Ferrari Formula One logo

AS the Formula 1 season gets into full swing, Electronic Arts has released its latest attack on the Amiga games player in the shape of Ferrari Formula 1.
Designed to bring the thrills and spills of a Formula One racing game to your screen, the game revolves closely around the 1986 Ferrari team of Michele Alboreto and Stefan Johansson - even though Johansson has since been booted out in favour of the faster Gerhard Berger, who in this game is racing for Benetton!

Apart from Acornsoft's Revs, most software houses have been too terrified to release a game which actually involved the technicalities of driving a racing car. Games such as Pole Position and Super Sprint are simply arcade games with a car as the theme, as opposed to a fish or a banana.
Ferrari Formula 1 sets out to rectify this situation, not only giving you control of the machine as it hurtles around the various world championship tracks, but also allowing you t act as a team manager.
Holding this post for a high profile car manufacturer like Ferrari must be a terrifying proposition, and thankfully the game does not stretch to the reality of being fired although after losing a few races resignation feels close at hand.

You must not only get your car to and from each race - allowing enough time for testing, modifications and travel - but you must be able to set your car up correctly for each different track.
A variety of alterations can be done to your car - the F186 model, a 1.5 litre turbocharged job producing more than 800 bhp. These range from turbo and engine adjustments, with the help of a dyno at Fiorano, right through to choosing different tyres for different wheels at Detroit.

In order to make the game not too difficult to get into, a friendly mechanic will help you with advice when necessary.
The first few hours are spent at the test track trying to learn how to control the car. Thankfully, you can choose whether or not to operate the gears manually, something which makes driving a little simpler.

Using the mouse, the right button accelerates, the left button brakes and pressing both down engages the clutch for drag starts.
Moving the mouse from left to right steers the car and it is this which presents the most difficulty. Unlike every other driving game I have played, instead of the front of the car pointing wherever you steer, the screen scrolls left to right and you control the driver's head.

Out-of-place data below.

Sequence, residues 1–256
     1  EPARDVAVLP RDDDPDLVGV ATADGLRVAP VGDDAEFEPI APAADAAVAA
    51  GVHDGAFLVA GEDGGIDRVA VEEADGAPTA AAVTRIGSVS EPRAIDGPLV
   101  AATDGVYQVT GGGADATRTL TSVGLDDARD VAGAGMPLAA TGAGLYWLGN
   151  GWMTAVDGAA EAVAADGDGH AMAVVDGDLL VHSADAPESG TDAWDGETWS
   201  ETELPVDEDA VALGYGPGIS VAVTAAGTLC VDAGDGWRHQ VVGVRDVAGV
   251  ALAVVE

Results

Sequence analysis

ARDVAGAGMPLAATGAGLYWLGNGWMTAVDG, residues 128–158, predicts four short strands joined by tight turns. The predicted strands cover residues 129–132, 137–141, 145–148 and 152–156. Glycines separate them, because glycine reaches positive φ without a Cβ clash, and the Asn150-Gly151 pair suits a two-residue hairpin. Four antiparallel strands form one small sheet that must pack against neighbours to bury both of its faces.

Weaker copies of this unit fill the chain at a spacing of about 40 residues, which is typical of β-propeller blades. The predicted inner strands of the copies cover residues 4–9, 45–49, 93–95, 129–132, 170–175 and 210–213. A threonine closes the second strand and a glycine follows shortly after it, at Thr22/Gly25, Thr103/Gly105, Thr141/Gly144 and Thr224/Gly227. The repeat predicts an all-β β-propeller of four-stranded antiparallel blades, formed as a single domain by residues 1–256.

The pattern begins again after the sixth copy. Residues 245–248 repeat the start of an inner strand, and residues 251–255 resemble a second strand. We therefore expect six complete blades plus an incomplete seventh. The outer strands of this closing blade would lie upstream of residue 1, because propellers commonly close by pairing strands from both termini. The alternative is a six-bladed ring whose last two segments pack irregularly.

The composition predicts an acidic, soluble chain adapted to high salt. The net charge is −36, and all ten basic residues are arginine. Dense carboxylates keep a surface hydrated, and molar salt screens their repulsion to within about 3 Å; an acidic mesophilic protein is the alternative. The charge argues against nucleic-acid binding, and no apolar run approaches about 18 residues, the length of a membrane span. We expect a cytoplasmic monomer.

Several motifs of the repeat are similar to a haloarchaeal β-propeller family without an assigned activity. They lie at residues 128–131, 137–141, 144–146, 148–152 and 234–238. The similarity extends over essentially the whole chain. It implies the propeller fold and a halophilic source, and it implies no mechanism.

This means that in hard corners you can be turning full lock and yet the car is in the corner of the screen. Although it is not too difficult to get used to, this small point is sufficiently annoying to make the first few attempts at driving around the track both frustrating and very slow.

After a bout 20 laps of the test track, you will find that cornering is not too big a problem. The real worry is keeping up with everyone else. On average, I was running about 15 seconds slower per lap than the seven computer-controlled cars - those of Mansell, Piquet, Senna, Prost, Berger and Alboreto.

This is when you should take the plunge and choose the Formula 1 car, with its gears, turbo boost and massive oversteer.

Changing from a supposedly Formula 3 car where the gears are automatically selected to a Formula 1 car with manual gears is not quite as easy as I had imagined. Even with the turbo-boost set at its lowest, the car still goes into corners far too fast, and unless you have been methodic enough to learn the track, excursions into the undergrowth are all too frequent.

Thankfully, unless you are actually in mid-race, these crashes do not affect you too adversely - apart from the seconds lost.
In race, however, you can lose up to a couple of months if you crash badly - and two months can, at worst, mean four races - 36 possible points.

The graphics are good, but by no means exceptional. Attention to detail - track dimensions, and so on - were obviously considered more important than artistic graphics.
On the other hand, the instrument panel is small and lacks an accurate rev counter, which is a pity. The animation too, is good. But as the game is written in C rather than assembly language, it is still not as smooth as perhaps it should be.
On the other hand, the sound - both music and effects - is excellent. A natty little tune plays while the game is loading. The sounds during the game are excellent ranging from the roar of a turbocharged Ferrari engine to the whirr of an air-powered spanner.

Ferrari Formula 1 is, when compared to everything else available for the Amiga, an excellent driving simulation. It combines an emotive subject with enough substance to provide many days of satisfaction that shoot-'em-ups or flight simulations could never give.